Thursday, September 20, 2012

Rat Overboard on Good Ship Romney


Tim Pawlenty is the biggest rodent to jump overboard so far, but expect more in coming days. The people on Romney's team are stressed out, and are going to start looking out for number one in 3-2-1 . . . Resumes are probably flying out in all directions.

Via The Hill Blog
Former Minnesota Gov. Tim Pawlenty will take over one of K Street’s most prestigious jobs as CEO of the Financial Services Roundtable.

The group announced Thursday morning that the former GOP candidate for president would replace longtime CEO Steve Bartlett. Pawlenty has stepped down as co-chairman of Mitt Romney’s presidential campaign to take the position.

. . . Pawlenty said his acceptance of the Roundtable job meant he had agreed not to consider any positions in a potential Romney administration.

Romney in a statement said he was sad to see Pawlenty leave his campaign.

"He’s brought energy, intelligence and tireless dedication to every enterprise in which he’s ever been engaged, and that certainly includes my presidential campaign," he said. "While I regret he cannot continue as co-chair of my campaign, his new position advancing the integrity of our financial system is vital to the future of our country."

And the folks on Capital Hill are running from the press, according to Harry Reid:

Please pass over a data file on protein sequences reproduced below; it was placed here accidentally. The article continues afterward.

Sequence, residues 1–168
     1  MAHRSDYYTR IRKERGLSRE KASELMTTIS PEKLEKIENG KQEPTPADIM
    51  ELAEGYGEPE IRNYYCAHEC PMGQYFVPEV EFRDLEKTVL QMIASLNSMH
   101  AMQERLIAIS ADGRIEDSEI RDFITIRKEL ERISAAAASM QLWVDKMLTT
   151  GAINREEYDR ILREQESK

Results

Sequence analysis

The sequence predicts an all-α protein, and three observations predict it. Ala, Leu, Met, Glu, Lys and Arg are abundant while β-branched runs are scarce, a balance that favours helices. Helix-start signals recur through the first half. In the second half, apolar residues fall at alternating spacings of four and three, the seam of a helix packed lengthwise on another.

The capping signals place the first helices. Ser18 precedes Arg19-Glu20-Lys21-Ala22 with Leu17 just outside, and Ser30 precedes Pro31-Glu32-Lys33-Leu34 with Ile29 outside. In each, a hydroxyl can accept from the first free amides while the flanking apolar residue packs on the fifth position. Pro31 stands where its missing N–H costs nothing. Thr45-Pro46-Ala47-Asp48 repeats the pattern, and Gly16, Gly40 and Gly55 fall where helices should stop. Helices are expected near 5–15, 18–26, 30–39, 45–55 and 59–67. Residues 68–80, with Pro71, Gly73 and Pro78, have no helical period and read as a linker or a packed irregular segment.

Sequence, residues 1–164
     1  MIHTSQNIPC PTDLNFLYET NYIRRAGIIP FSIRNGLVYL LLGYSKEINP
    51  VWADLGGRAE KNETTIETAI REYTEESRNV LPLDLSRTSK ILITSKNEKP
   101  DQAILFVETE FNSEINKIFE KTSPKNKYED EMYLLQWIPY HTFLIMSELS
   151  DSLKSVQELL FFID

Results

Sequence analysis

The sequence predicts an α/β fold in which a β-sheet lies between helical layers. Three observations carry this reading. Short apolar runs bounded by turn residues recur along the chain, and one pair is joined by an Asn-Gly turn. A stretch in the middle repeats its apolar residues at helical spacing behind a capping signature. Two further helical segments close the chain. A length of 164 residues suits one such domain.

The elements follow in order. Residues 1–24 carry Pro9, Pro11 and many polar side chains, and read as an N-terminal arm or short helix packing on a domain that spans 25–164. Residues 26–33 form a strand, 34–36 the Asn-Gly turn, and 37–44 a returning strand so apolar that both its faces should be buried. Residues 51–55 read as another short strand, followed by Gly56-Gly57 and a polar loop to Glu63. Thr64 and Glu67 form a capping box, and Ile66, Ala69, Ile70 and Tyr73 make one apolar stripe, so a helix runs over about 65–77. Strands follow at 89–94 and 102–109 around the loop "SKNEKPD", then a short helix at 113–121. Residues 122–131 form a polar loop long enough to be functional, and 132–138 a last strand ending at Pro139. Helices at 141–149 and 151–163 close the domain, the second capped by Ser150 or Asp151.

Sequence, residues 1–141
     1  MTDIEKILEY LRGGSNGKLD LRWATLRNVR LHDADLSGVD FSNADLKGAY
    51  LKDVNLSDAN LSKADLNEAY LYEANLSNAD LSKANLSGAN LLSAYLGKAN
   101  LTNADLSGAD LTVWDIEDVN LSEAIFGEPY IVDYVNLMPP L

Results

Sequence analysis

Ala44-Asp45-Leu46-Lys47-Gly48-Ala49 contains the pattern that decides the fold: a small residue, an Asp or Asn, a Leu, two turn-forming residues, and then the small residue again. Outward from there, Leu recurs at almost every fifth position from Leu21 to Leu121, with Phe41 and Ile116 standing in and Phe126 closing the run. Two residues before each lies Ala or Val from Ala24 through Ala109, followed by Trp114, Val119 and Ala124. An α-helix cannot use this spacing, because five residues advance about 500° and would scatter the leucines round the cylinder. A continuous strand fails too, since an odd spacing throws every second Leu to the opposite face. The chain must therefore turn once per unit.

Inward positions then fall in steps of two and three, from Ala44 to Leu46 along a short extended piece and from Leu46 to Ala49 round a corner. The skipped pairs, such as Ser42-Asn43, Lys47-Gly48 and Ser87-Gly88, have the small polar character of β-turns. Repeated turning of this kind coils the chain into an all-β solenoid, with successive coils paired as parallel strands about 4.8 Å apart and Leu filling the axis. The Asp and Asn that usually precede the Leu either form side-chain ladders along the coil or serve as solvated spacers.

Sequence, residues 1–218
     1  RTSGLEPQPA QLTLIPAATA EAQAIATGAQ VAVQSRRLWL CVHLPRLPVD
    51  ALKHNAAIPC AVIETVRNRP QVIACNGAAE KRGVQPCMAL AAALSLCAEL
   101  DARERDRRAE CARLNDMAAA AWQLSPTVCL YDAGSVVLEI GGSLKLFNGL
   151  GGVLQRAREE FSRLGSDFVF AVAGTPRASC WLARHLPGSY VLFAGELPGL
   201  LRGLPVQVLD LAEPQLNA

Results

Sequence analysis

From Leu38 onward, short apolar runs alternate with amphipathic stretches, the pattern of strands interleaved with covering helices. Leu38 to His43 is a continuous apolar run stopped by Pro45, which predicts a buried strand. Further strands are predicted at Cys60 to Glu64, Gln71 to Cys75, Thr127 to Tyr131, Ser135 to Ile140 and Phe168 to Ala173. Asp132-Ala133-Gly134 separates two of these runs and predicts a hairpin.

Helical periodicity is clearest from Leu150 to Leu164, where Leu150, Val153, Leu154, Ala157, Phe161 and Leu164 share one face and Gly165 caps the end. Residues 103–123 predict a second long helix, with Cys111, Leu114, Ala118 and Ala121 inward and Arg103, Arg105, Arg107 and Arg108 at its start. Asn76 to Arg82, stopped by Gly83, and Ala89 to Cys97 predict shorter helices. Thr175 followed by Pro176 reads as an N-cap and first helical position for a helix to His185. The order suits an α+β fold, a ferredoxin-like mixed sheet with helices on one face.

Huffington Post Story
"Everybody is running away from Romney,” Reid said. “That's why Republicans all over the country are running away from Romney as fast as they can."

He made that point to reporters earlier Wednesday.

"We have a long line of people who are running from Romney as if the Olympics are still on," Reid told reporters. He ticked off the names of GOP politicians -- Sen. Scott Brown (Mass.), New Mexico Gov. Susana Martinez and Connecticut Senate nominee Linda McMahon -- who have publicly distanced themselves from Romney over the matter.

Martinez is "running really fast," Reid said, and Brown is "sprinting out there."

LOL :)

Also this:

At least two senators in tight races were far more adamant in slamming Romney. Nevada Sen. Dean Heller and Brown both stood by statements distancing themselves from the party standard-bearer.

"It's not how I think. I think that people who are in those situations are not there by choice," Brown said. "I'm going after every person's vote, regardless of their economic station in life, regardless of their political party."

"I have a very different view of the world. I believe that the federal government has certain responsibilities," Heller said. "I also believe in a safety net for individuals that need the help. So that's why I would respectfully disagree with the comments that he made."

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